The New Founders of Rome, Part 1: the Feast

by Claudio Salvucci

According to legend, the city of Rome was founded on April 21st, 753 B.C. by a pair of twins named Romulus and Remus. When Remus made sport of Romulus’s still rudimentary defenses and leapt over them, he was killed for the slight, and so it was Romulus who gave his name to the city, became its first king, and established so many of its civic institutions, including its calendar and its religion.

As Ovid tells the story, Mars then prevailed upon Jupiter to deify Romulus:

“…he caught up Romulus, son of Ilia, as he was dealing royal justice to his people. The king’s mortal body dissolved in the clear atmosphere, like the lead bullet, that often melts in mid-air, hurled by the broad thong of a catapult. Now he has beauty of form, and he is Quirinus, clothed in ceremonial robes, such a form as is worthier of the sacred high seats of the gods.”

From then on, under the new name Quirinus, Romulus would be worshipped as a deity by the Romans. And April 21st, the putative day of the founding, continued to be celebrated throughout Roman history as the Natalis Urbis, the Birthday of the City.  In A.D. 248, we hear that the reigning Emperor Philip the Arab celebrated the 1000th year anniversary of the city with “games of all kinds”.

But this was, perhaps, the last great celebration of the sort.

In the post-Constantinian era, as Christianity increasingly rivaled and then finally supplanted paganism, the character of Romulus came under increasing scrutiny. The Church Fathers repeatedly presented him as a man not worthy of emulation, much less deification, as we see in Augustine (City of God, 22:6), Tertullian, (De Spectaculis 5). Minucius Felix (Octavius, 25), and Lactantius (Divine Institutes, 20).

St. Augustine

Augustine, as usual, is the most devastating in his rhetoric–not because he was the most polemical but because as a long-time admirer of Roman legends himself, he understood their flaws at a very deep level. With calm precision, and in his inimitable way, he contrasted the religion of Christ with the religion of Romulus:

For, not to mention the multitude of very striking miracles which proved that Christ is God, there were also divine prophecies heralding Him, prophecies most worthy of belief, which being already accomplished, we have not, like the fathers, to wait for their verification. Of Romulus, on the other hand, and of his building Rome and reigning in it, we read or hear the narrative of what did take place, not prediction which beforehand said that such things should be. And so far as his reception among the gods is concerned, history only records that this was believed, and does not state it as a fact; for no miraculous signs testified to the truth of this.

Christ was a more fitting deity than Romulus not only because He did the things that only a deity can do, but also because He was the fulfillment of a prophecy that long antedated Him.  Augustine goes on to take apart the legend of Romulus piecemeal:

For as to that wolf which is said to have nursed the twin-brothers, and which is considered a great marvel, how does this prove him to have been divine? For even supposing that this nurse was a real wolf and not a mere courtesan, yet she nursed both brothers, and Remus is not reckoned a god.

Besides, what was there to hinder any one from asserting that Romulus or Hercules, or any such man, was a god? Or who would rather choose to die than profess belief in his divinity? And did a single nation worship Romulus among its gods, unless it were forced through fear of the Roman name?

He concludes his argument as follows:

And thus the dread of some slight indignation, which it was supposed, perhaps groundlessly, might exist in the minds of the Romans, constrained some states who were subject to Rome to worship Romulus as a god; whereas the dread, not of a slight mental shock, but of severe and various punishments, and of death itself, the most formidable of all, could not prevent an immense multitude of martyrs throughout the world from not merely worshipping but also confessing Christ as God.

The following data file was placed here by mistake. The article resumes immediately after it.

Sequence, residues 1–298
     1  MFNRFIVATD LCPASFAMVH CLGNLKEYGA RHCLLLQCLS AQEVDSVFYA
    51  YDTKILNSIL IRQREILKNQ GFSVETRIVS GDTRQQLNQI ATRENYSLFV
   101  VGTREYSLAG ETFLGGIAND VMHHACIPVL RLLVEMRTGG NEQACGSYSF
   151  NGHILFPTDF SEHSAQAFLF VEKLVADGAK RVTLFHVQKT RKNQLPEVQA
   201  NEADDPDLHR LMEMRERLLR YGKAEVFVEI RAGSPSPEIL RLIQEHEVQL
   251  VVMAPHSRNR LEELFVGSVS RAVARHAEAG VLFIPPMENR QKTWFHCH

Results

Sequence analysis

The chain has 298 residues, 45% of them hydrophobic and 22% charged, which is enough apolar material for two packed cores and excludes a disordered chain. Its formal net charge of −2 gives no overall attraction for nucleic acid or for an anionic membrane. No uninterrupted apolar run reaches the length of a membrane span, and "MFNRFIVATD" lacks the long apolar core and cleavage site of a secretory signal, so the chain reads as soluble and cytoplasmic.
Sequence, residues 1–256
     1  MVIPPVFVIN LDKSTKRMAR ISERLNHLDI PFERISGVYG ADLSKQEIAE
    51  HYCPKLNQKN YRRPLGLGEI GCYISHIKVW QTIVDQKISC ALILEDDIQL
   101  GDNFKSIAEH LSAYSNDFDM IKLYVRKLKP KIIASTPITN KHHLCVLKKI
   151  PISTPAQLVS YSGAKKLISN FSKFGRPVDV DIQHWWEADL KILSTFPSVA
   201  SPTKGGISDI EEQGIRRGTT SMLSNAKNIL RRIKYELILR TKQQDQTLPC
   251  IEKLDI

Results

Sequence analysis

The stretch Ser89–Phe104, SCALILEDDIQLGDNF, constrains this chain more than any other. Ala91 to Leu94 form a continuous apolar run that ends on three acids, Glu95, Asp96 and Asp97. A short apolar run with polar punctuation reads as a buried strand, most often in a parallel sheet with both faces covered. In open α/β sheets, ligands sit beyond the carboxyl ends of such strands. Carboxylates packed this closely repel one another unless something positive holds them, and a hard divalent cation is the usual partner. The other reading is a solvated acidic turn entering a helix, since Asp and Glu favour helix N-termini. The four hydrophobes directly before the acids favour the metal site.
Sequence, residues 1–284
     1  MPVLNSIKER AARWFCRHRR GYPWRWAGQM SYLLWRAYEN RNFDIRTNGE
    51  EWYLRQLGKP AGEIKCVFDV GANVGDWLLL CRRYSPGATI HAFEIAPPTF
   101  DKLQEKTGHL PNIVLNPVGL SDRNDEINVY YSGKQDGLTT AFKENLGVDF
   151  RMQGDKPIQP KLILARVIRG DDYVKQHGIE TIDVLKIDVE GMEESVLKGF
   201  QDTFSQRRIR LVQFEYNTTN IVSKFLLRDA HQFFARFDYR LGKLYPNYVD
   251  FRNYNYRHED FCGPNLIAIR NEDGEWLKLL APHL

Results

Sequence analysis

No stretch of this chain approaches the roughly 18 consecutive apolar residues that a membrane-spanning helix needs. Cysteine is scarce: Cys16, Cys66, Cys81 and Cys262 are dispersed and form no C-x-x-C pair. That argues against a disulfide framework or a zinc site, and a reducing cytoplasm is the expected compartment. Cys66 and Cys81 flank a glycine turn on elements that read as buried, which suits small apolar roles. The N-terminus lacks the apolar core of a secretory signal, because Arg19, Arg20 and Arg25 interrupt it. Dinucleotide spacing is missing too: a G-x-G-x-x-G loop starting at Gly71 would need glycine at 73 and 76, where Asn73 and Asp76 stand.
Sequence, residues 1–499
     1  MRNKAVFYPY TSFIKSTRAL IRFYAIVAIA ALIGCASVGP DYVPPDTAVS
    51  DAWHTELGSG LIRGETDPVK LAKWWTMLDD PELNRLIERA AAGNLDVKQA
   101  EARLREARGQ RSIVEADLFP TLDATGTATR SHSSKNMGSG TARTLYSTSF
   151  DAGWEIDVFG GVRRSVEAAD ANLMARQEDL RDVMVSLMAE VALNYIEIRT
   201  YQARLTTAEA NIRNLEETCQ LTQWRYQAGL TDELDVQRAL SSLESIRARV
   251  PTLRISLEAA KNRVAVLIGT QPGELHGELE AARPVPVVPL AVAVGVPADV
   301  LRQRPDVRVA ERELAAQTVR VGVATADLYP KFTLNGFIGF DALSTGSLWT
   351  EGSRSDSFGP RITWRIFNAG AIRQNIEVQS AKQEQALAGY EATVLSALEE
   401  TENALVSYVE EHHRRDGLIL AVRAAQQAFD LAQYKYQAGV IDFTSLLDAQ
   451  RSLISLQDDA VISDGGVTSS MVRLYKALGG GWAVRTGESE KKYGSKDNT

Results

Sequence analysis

In the late stages of an increasingly decadent Roman Empire, the Christian martyrs’ courage stood in stark opposition to the conduct of the age. Even though they served a different deity, the martyrs recalled by their courage a bygone Rome, appealing to those citizens who lamented the dissolution of the old Roman pietas that was in very short supply among their contemporaries.

Thus was the mind of pagan Rome opened to the revelation of Christ. And through her most famous martyrs of all, the Eternal City would inherit a new set of founding fathers to replace the ones they lost.

Ss. Peter and Paul, late 4th century etching from the grave plaque of Asellus.

The New Founders

The Apostles Peter and Paul–a Galilean fisherman and a scholarly Pharisee–might be thought extremely unlikely candidates to replace Romulus and Remus. They were not even brothers in flesh, although they were brothers in Christ.

Yet they were very well situated for a Christian recalibration of the founding myth. As Pope St. Leo the Great said in his homily for their feast:

The whole world, dearly-beloved, does indeed take part in all holy anniversaries, and loyalty to the one Faith demands that whatever is recorded as done for all men’s salvation should be everywhere celebrated with common rejoicings. But, besides that reverence which today’s festival has gained from all the world, it is to be honoured with special and peculiar exultation in our city, that there may be a predominance of gladness on the day of their martyrdom in the place where the chief of the Apostles met their glorious end.

For these are the men, through whom the light of Christ’s gospel shone on you, O Rome, and through whom you, who was the teacher of error, was made the disciple of Truth. These are your holy Fathers and true shepherds, who gave you claims to be numbered among the heavenly kingdoms, and built you under much better and happier auspices than they, by whose zeal the first foundations of your walls were laid: and of whom the one that gave you your name defiled you with his brother’s blood.